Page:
In an article on the Coloradoan, Dr. Lloyd Thomas, a Licensed Psychologist, states:

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“. . . As adults, when we compare ourselves to others, it is usually to evaluate ourselves as “worse than” or “better than” or “equal to” other people. When we measure ourselves against others, it causes us psychological harm.”

So, instead of engaging in unhealthy comparison behavior — and forgetting you’re on your own journey — consider the following tips:

  • Adjust Your Thoughts. Pay attention to your thoughts, take them captive and replace them with truth. This is an important tip because your thoughts affect your actions. If you believe you’ll never make money (again), then you’ll never explore every legitimate opportunity available.
  • Accept Your Life And Career Journey (Including Your Failure). There might be similarities, but everyone has their own unique journeys in life. Don’t focus on the journeys of others. Instead, focus on your own and move forward courageously. Keep believing you can still succeed — or succeed again — at the right time.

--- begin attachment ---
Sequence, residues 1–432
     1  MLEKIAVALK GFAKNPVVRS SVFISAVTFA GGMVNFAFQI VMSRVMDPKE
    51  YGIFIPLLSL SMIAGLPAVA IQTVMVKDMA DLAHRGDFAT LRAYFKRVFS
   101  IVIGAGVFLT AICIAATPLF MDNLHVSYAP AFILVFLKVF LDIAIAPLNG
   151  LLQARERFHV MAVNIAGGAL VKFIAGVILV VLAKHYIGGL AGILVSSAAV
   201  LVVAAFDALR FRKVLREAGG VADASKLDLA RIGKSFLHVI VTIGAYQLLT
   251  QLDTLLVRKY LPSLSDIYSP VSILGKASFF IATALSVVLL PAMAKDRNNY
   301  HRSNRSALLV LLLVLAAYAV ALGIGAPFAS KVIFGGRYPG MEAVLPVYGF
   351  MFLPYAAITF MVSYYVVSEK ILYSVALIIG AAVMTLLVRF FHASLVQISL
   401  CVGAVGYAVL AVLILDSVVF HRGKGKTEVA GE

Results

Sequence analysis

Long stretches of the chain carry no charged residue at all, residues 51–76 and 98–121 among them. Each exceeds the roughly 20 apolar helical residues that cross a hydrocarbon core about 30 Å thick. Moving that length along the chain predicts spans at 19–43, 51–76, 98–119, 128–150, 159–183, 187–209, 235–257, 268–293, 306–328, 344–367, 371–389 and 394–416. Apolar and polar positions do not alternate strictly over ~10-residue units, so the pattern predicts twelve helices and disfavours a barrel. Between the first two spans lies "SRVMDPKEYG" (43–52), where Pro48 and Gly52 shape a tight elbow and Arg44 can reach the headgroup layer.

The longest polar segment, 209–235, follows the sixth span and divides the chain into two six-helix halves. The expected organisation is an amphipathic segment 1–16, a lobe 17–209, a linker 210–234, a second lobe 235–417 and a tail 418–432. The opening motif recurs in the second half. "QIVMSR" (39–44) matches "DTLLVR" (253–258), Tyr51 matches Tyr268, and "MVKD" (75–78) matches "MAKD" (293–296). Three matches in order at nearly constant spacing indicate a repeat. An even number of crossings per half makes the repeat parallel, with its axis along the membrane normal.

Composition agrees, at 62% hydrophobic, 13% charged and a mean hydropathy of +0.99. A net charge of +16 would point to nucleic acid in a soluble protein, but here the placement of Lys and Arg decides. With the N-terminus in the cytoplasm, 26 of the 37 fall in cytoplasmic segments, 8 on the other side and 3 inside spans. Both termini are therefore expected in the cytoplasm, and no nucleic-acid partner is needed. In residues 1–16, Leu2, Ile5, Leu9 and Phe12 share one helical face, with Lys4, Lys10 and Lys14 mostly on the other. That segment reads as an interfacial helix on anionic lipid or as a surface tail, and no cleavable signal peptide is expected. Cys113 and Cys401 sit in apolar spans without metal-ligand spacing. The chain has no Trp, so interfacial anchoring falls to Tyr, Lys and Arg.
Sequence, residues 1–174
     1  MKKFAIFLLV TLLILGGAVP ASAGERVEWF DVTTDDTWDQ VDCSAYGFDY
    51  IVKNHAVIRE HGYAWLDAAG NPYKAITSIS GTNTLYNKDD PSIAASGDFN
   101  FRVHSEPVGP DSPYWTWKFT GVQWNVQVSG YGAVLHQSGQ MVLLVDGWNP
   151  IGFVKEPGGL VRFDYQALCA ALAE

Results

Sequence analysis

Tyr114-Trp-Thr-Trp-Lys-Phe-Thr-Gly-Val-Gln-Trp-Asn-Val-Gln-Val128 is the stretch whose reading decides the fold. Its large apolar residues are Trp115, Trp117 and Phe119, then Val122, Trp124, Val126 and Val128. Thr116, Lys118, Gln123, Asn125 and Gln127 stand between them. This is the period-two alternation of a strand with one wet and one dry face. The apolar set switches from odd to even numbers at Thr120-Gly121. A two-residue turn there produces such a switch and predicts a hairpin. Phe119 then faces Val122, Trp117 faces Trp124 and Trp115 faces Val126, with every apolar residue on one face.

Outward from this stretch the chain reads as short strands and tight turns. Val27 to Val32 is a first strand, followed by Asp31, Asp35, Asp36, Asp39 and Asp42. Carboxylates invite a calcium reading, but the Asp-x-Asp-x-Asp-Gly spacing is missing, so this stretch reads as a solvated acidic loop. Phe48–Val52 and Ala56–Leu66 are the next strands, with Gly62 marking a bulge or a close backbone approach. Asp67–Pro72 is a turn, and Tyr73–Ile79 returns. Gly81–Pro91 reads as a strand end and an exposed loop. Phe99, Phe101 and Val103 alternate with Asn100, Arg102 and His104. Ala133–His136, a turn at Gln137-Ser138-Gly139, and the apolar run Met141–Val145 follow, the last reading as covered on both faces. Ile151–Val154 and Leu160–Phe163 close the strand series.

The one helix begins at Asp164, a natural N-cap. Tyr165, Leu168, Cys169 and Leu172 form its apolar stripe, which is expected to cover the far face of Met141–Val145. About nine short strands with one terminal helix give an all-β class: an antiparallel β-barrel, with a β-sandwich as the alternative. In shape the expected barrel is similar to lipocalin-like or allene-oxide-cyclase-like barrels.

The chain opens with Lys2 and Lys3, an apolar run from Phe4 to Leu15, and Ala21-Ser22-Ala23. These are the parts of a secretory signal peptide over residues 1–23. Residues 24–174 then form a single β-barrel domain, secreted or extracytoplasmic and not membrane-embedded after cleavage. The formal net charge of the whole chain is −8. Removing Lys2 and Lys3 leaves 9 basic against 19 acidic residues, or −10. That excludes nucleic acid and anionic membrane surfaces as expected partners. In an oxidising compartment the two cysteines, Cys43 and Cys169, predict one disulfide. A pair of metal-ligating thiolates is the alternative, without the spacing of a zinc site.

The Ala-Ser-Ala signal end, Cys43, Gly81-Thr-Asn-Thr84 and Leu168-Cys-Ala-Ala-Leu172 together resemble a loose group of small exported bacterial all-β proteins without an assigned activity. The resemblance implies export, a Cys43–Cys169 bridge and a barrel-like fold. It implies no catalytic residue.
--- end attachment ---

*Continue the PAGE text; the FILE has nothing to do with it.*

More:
• Be Grateful For Your Achievements To Date. Take time regularly and do the following: remind yourself about your accomplishments. Think about the compliments you received in previous roles and jobs. Think about the people you’ve helped along the way. When you do this, you’ll be grateful for what you’ve done without a focus on what you haven’t done yet.

3. The Weight Of Failure Makes You Forget (And Reject The Possibility Of) Other Successful Outcomes

Failing hurts. Rejections sting in the job hunting process. But please don’t forget your other accomplishments.

Sure, you haven’t yet met your expectation of quickly landing a job offer. But remember, you’ve been successful in other things along the way: entering and graduating from high school, college, and for some, graduate school. You’ve acquired knowledge and valuable skills along the way. You have natural talents, which allows you to help yourself and others.

Please don’t take these things for granted because you’ve failed to find a job.

It’s easier to focus on the negatives when you’re dealing with unemployment challenges. I know. Yet, the better choice is to focus on your past and present successes with gratitude.

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You might’ve noticed I also said “present successes.” Here’s why: you can accomplish things while you’re unemployed. You know this, right?